Dear Ellie — You’re rolling over now. Opa and I were trying to talk to you on FaceTime, but you couldn’t be bothered for long. You’d get a determined look on your face, and voila, you’d flip onto your stomach — delighted with yourself and ready to do it again.
Fortunately, your parents send us a steady supply of videos and snapshots of you (maybe because they know we start to complain loudly if we don’t get our daily fix). I won’t tell you how many times Opa and I watched this video of you screeching with laughter at your father’s antics. “Want to watch it just one more time?” I’d ask — and Opa would nod eagerly. One more time!
It’s funny to look at you, propped up by your parents’ hands, carried around by them, placed in strollers and baby beds. You’re confined and completely dependent, for now. But you’re already struggling against those restraints, trying to do more and more on your own.
Then I look at Opa and me, at our own very different time in life. In our sixties, we’re fortunate to be freer than we were in our early and middle years. We’re fairly comfortable financially, we travel, we work hard at things we care about, we’re healthy, our children are grown.
It’s a lovely time for us. But there’s also an undercurrent, an unease, to this point in life. How many good years do we have left? What losses will we face in the future?
You can dismiss this kind of thinking as pessimism, but I think it’s simple reality. You have to acknowledge the shadows, because they give meaning to life. I also think the knowledge that nothing lasts forever makes you more appreciative of what you have now.
So, while you were rolling over by yourself and learning to eat solid foods, Opa and I were appreciating one of our favorite places in the world, New York. We love its intensity, its energy, its unsurpassed culture. I can’t think of a place more different from the flat, barren, lonely plains of West Texas where we come from — which may explain part of its great appeal to both of us.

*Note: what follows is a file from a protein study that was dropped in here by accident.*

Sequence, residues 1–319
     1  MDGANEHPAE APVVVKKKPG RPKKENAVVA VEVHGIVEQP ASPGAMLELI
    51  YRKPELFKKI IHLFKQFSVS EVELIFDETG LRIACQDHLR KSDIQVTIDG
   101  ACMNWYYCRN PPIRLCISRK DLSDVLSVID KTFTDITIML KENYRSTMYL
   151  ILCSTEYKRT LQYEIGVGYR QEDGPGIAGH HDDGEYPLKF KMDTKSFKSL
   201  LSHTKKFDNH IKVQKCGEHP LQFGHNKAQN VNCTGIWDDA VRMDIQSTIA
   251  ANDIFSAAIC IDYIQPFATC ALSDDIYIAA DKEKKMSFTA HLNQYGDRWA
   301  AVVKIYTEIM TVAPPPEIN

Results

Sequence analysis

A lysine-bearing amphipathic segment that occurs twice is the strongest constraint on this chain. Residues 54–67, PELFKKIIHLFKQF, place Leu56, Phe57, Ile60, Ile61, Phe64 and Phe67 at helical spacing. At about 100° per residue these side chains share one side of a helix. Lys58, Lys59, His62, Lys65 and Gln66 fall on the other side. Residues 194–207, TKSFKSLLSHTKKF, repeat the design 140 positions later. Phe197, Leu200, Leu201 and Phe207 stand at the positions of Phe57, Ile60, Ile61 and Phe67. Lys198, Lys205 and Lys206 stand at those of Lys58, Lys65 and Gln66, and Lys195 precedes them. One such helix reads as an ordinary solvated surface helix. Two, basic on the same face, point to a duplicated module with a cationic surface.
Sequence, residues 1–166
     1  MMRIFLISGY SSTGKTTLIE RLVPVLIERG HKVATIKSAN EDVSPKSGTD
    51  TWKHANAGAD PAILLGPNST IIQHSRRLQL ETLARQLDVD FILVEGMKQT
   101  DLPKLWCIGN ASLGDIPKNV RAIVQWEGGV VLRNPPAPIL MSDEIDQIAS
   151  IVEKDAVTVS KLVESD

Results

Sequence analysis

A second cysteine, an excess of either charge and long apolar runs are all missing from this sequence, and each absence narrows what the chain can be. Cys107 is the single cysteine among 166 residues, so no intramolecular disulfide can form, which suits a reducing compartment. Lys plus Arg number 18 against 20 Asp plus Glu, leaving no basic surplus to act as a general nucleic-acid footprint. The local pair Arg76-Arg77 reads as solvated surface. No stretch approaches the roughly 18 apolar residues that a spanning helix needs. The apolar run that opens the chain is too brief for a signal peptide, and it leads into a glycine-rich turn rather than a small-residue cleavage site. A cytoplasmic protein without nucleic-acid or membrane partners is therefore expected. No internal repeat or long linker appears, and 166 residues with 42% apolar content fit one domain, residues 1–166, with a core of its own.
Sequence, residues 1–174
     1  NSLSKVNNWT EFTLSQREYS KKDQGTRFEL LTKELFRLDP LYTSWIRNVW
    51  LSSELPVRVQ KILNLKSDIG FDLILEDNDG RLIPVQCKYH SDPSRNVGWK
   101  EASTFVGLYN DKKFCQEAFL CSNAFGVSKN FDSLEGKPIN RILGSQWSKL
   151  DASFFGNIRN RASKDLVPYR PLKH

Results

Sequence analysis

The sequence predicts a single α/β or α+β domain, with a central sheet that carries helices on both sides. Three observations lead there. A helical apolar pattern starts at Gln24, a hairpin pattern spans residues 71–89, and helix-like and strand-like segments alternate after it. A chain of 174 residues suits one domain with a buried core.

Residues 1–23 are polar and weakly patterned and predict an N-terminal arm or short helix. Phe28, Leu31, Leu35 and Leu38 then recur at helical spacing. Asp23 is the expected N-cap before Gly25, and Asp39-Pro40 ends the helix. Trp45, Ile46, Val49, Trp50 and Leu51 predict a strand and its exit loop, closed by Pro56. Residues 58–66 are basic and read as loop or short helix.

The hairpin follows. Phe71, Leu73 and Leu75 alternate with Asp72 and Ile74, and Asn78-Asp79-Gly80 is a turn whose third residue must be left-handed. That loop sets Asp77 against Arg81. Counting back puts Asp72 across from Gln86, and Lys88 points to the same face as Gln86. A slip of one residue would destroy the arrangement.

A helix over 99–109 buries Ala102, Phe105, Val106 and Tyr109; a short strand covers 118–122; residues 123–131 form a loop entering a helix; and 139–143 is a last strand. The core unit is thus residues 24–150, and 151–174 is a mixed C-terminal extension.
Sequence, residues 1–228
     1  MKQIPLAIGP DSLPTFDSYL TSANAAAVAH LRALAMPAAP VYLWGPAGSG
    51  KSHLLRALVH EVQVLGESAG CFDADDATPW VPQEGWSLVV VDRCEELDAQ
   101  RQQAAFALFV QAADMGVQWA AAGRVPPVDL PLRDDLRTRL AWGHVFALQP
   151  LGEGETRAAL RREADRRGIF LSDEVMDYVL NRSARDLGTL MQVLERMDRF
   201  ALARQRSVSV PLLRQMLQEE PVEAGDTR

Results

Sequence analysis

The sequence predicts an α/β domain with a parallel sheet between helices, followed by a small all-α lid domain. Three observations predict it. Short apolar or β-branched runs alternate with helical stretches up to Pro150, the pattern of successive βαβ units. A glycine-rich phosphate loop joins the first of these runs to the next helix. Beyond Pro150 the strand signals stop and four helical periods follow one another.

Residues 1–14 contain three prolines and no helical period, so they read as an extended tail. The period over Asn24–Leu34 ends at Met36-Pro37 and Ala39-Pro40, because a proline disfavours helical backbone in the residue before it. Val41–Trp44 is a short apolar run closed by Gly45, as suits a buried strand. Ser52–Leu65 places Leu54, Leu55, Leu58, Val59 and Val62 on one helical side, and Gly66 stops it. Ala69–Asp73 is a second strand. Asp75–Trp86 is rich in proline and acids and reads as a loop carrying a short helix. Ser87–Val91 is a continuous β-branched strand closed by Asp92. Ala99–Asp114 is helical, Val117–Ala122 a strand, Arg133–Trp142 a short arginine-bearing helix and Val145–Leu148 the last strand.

We’d come because Opa had talks to give in Connecticut — and I show up in New York any time I get the chance. The flimsiest excuse will do.
This time, we had a lot more than a flimsy excuse. We had tickets to see “Hamilton,” the hit musical about Alexander Hamilton, the American revolution, and the very beginnings of this country. It’s the story of a brilliant, deeply flawed man and the brilliant, deeply flawed origins of the country we live in.
“Hamilton” is a phenomenon. People line up tickets months in advance or they pay a small fortune. We paid a small fortune — but what the hay. I love theater and this was one of the events of a lifetime.
So much for plans. A blizzard hit New York just after we did. Somebody even named the blizzard Jonas, like it was a hurricane or a pet hamster (since when do blizzards get names, for crying out loud?). Anyway, Jonas was a prolific little creep who dumped 27 inches of snow in Manhattan and our show was canceled. Prolific little creeps show up in your life from time to time, uninvited.
Opa and I got to whine a lot about being Jonas victims, and everybody I’d bragged to about seeing “Hamilton” sent sympathetic messages. The fact we got a full refund made us a lot more cheerful about it. We saw other plays, we saw friends, we skidded around on the sidewalks.
Right now, we’re thinking about April. In April, you’ll be eight months old. You’ll be on schedule to crawl, pull yourself up, and mouth some new syllables like “ma-ma” and “da-da.” Opa and I will be back in New York, and we’ve already got our replacement tickets to see “Hamilton.”
Every age, you’ll find, has its compensations. Love you, Coco